[arin-ppml] IPv6 Non-connected networks

George Bonser gbonser at seven.com
Fri Feb 5 13:55:28 EST 2010

> The current kit deals with packets rather than flows. Flows was
> investigated thoroughly and looks very much like a blind alley. It has
> some useful niches but the failure modes are catastrophic.

Yeah, I know that, but they tend to cache information regarding a flow.
The cache isn't big enough is the problem I am worried about.  Some gear
likes to populate the routes (FIB) in hardware and if you don't have
enough space, they don't all get in there. Chip density being what it
is, I would think that more storage is available in the same form factor
today than was available when the module was initially designed.  It
isn't so much a performance issue with a large table these days because
that is switched in hardware, not by the CPU.  The problem is a lack of
space to hold all the routes in the hardware.

When you are talking about the ability to hold 250K routes of IPv6 or
1,000K routes of v4, the problem gets bad when multihomed v4 nets become
multihomed v4 AND v6 nets and have a route to their net in both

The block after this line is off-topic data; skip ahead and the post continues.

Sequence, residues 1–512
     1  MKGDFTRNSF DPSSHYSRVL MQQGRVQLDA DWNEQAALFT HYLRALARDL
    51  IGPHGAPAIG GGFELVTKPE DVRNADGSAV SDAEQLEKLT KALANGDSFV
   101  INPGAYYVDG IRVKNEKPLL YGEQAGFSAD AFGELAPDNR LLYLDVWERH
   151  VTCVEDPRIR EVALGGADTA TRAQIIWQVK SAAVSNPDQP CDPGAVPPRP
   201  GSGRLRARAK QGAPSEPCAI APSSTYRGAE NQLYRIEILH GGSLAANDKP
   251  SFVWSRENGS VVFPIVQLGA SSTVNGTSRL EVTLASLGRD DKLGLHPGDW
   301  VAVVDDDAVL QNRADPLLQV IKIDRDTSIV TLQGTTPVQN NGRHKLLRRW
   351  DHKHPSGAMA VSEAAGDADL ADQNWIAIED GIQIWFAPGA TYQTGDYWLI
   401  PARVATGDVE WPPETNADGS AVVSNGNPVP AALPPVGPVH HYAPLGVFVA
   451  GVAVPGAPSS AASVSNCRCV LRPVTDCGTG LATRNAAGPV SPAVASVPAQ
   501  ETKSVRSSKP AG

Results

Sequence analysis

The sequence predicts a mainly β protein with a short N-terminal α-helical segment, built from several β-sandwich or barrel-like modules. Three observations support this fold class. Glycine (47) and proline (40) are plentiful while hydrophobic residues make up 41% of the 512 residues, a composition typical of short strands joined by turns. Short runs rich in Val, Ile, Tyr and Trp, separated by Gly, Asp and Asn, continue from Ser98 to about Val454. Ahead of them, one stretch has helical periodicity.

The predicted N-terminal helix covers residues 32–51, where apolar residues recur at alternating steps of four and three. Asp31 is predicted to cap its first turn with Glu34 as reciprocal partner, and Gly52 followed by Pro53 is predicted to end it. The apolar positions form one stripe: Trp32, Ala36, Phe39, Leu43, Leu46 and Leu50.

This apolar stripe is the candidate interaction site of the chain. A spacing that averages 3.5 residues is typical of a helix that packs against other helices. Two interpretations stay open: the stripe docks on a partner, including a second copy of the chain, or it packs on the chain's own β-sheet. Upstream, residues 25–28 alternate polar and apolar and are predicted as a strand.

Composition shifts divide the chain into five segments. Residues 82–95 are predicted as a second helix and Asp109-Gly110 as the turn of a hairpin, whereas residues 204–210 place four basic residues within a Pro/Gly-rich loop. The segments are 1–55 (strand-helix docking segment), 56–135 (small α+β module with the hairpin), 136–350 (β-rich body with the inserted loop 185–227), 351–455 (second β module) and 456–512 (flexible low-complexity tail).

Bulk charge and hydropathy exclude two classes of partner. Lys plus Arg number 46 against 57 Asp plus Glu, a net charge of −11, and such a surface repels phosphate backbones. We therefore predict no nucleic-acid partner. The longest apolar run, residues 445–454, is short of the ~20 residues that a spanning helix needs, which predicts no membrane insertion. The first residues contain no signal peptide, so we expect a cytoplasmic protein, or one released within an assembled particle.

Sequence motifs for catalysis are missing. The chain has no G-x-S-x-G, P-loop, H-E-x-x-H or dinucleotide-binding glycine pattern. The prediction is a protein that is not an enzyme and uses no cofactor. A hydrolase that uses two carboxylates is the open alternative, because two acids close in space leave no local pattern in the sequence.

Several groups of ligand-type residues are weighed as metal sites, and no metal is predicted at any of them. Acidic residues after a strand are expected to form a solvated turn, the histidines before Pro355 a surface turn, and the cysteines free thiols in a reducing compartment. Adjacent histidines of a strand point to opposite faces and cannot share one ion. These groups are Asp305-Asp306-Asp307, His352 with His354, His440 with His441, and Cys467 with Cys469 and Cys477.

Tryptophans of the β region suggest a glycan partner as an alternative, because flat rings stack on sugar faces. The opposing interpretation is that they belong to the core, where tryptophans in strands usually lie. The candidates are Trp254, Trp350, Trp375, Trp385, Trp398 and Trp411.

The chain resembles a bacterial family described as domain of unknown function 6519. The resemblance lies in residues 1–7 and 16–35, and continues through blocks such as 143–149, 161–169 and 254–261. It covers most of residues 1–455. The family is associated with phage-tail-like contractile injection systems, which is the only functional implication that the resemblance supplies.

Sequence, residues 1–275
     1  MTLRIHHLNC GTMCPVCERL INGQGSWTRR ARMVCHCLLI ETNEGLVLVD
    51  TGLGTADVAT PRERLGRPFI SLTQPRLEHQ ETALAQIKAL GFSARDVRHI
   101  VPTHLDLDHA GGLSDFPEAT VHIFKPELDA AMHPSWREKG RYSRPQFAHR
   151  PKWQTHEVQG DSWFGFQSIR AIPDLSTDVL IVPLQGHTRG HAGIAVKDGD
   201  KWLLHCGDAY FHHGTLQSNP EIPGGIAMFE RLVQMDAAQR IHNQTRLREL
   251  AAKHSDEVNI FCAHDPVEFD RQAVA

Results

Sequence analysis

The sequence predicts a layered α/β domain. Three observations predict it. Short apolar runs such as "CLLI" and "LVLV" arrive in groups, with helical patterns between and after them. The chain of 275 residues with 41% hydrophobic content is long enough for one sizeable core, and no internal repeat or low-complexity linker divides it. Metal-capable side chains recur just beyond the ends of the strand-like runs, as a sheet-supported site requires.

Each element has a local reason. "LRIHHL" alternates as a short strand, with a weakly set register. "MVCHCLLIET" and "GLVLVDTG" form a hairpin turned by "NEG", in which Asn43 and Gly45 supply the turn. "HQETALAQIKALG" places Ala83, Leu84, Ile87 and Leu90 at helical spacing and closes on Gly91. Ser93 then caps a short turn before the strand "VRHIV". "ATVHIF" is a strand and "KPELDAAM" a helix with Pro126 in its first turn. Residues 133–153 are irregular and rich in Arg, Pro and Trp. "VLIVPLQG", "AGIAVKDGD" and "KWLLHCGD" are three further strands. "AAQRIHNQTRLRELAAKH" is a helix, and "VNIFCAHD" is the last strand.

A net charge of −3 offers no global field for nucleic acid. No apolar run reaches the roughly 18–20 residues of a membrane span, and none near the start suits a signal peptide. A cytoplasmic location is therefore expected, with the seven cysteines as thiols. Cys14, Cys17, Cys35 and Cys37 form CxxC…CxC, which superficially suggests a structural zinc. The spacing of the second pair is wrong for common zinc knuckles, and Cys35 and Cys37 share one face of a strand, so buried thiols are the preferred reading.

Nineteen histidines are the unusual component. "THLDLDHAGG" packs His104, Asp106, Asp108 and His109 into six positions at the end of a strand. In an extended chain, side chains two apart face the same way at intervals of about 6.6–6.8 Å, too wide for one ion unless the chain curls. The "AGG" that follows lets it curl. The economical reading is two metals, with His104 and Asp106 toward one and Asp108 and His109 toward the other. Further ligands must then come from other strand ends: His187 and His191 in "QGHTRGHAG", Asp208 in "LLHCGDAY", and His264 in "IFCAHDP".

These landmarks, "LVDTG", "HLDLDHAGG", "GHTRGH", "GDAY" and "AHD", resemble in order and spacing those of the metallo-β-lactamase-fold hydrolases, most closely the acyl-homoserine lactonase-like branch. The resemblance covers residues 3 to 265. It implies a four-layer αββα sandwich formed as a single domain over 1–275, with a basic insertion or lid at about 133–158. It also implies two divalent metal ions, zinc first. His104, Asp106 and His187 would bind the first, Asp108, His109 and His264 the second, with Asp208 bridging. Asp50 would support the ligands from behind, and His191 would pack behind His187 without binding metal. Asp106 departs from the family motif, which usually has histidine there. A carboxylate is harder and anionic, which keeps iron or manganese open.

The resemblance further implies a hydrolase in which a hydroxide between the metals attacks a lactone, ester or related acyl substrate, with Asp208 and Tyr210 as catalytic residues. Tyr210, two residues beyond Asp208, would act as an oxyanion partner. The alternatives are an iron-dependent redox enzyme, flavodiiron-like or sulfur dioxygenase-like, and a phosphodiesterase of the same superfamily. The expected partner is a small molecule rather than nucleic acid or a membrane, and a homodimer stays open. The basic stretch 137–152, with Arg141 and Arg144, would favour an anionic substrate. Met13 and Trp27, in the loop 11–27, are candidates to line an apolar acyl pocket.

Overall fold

protocols because they are running both.  If you want to have space for
500K v4 routes in FIB that leaves you with only enough room for 125K v6
routes and while that is ok now, will that still be OK when A: more
networks begin to appear in both spaces and B: smaller v4 allocations
are made?  That is the concern I had.

I see the pushback against routing table growth as more of a hardware
limitation than anything else (problems with instability in a network
with more routes to announce/withdraw notwithstanding).

"dual stacking" might only work for some period of time before both
protocols combined outgrow the capability of the hardware and people
need to split the infrastructure from dual-stacked to dedicated stacks.

But this is more of an operational issue than an ARIN policy issue, the
point being that operational issues and RIR policy issues are tightly


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